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Discussion:S Corp Home Office Safe Harbor?

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Discussion Forum Index --> Advanced Tax Questions --> S Corp Home Office Safe Harbor?


Discussion Forum Index --> Tax Questions --> S Corp Home Office Safe Harbor?

Noobie (talk|edits) said:

28 January 2014
Can we use the new home office safe harbor rules in respect to a S Corp's home office?

Death&Taxes (talk|edits) said:

28 January 2014
Good question! Can the S Corp reimburse based on the $5 a square foot (up to 300 sq feet) without running into 280A(c)(6)? Would this be an accountable plan?

Ckenefick (talk|edits) said:

28 January 2014
I don't see a problem with it. To me, seems akin to a per diem.

JR1 (talk|edits) said:

January 28, 2014
But realize that you're foregoing deduction for the biz portion of mort. int and taxes as biz expense. This only makes sense for employees with office in home where it all ends up on Sch. A anyway.

Doug M (talk|edits) said:

28 January 2014
The first sentence of the rev proc says:

"This revenue procedure provides an optional safe harbor method that individual taxpayers may use to determine the amount of deductible expenses..."

Ckenefick (talk|edits) said:

28 January 2014
Technically, I think the individual is using said safe harbor "to determine the amount of deductible expenses"...it's just that the individual will submit an expense report and someone else will ultimately take the deduction, as determined by the individual...

Not that I care...I think the safe harbor is a joke.

Nightsnorkeler (talk|edits) said:

28 January 2014
I just had this discussion with an associate last night. Page 5 of Rev. Proc. 2013-13 states:

.02 Reimbursement or other expense allowance arrangement. The safe harbor method provided by this revenue procedure does not apply to an employee with a home office if the employee receives advances, allowances, or reimbursements for expenses related to the qualified business use of the employee’s home under a reimbursement or other expense allowance arrangement (as defined in § 1.62-2) with his or her employer.

So, does this disqualify the shareholder-employee from being reimbursed using this method?

My vote was yes.

Ckenefick (talk|edits) said:

28 January 2014
One interpretation is that said language is referring to a reimbursement of actual expenses, not a reimbursement of the safe harbor amount.

WEISSEA (talk|edits) said:

28 January 2014
Journal of Accountancy article 1-15-13 implies safe harbor ok for employee.

"To use the sale-harbor method, taxpayers must continue to satisfy all the other requirements for a home-office deduction, including the requirement that the space in the residence used as an office be used exclusively for that purpose and the limitation that an employee qualifies for the home-office deduction only if the office is for the convenience of the taxpayer’s employer."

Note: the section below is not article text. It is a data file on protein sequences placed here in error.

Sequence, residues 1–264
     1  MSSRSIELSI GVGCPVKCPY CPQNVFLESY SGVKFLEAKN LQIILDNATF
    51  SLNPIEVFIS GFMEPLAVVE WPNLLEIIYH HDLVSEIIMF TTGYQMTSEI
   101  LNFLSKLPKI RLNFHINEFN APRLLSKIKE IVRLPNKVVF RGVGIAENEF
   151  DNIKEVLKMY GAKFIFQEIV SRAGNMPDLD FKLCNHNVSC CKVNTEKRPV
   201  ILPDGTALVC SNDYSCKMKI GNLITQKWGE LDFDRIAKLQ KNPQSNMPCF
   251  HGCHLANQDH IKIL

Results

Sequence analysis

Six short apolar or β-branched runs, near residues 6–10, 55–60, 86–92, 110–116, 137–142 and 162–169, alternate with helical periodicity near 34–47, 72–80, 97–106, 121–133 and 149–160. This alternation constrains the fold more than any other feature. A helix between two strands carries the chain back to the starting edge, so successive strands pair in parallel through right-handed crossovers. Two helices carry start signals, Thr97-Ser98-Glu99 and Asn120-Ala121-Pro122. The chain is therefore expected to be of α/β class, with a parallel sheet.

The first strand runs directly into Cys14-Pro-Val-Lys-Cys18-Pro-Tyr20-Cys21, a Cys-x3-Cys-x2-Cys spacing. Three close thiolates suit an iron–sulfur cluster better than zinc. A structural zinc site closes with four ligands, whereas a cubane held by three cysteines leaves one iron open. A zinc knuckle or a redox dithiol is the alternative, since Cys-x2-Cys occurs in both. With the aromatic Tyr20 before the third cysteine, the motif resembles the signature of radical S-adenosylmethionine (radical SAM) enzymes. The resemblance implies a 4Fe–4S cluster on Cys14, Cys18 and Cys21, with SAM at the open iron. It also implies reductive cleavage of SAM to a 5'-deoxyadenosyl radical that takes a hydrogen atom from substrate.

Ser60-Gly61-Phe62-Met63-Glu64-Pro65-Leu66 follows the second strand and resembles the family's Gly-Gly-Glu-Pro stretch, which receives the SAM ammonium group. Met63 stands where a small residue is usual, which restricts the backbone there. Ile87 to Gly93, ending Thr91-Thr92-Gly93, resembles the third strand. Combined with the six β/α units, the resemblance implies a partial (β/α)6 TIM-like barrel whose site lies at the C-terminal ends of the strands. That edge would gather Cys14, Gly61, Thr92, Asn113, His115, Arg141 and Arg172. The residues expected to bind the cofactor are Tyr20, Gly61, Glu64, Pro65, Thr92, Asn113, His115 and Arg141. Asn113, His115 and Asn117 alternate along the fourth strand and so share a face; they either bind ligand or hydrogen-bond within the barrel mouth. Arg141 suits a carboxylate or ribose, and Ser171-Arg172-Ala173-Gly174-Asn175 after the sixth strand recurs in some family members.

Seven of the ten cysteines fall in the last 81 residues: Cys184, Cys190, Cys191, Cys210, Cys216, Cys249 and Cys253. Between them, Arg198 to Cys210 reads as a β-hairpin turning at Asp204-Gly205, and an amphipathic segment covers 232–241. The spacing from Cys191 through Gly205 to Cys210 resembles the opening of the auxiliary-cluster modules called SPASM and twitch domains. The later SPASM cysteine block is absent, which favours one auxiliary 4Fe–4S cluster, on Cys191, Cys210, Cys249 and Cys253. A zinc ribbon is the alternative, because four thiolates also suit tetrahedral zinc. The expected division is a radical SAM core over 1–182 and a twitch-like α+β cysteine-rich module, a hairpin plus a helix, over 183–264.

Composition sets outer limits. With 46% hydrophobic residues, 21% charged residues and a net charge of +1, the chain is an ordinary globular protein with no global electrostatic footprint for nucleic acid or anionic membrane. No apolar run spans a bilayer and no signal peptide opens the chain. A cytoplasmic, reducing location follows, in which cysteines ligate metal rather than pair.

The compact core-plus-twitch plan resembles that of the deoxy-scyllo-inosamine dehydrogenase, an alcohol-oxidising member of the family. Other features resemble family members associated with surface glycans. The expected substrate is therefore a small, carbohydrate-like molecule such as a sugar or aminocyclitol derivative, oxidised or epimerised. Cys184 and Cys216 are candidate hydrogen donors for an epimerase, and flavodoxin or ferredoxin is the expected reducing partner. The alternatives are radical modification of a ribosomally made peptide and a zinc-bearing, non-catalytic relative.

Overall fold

Death&Taxes (talk|edits) said:

28 January 2014
"One interpretation is that said language is referring to a reimbursement of actual expenses, not a reimbursement of the safe harbor amount" and therefore if it is not a reimbursement of expenses, isn't it a de facto rental of space to the corporation.

Doug M (talk|edits) said:

28 January 2014
The same article also states

"Individual taxpayers who elect this method...."

Ckenefick (talk|edits) said:

28 January 2014
I'm sure an individual, who actually owns the house, would have to agree to the (safe harbor) method used to compute the deduction. And, I would think that the same individual couldn't also use the actual expense method, kinda like a car, kinda like the Standard Mileage Rate. You can't get the SMR reimbursed and actual expenses.

isn't it a de facto rental of space to the corporation.

The interpretation would be that you can't use the safe harbor method and an actual expense method.

Another interpretation would be : If you reimburse the safe harbor amount, you can't use the safe harbor amount because reimbursements of the safe harbor amount are not allowed. Kinda circular.

If the Rev Proc wanted to disallow the reimbursement of the safe harbor computed amount, it could have just come out and said so.

My take is that the Rev Proc may have intentionally skirted the issue.

WEISSEA (talk|edits) said:

28 January 2014
"The same article also states "Individual taxpayers who elect this method...."

Its the S corp owner as an employee who has the home office so I don't see the issue with "individual". Besides because of 2% and AMT issues OIH not attractive option, rather an S corp reimbursement plan for actual out of pocket employee OIH expenses.

WBR (talk|edits) said:

27 February 2014
Would this reimbursement method also apply for shareholders of a regular corporation and partners of a partnership?

Ckenefick (talk|edits) said:

28 February 2014
If you go with Weiss' idea: An actual reimbursement for actual OIH expenses...then we don't even need to have this conversation.

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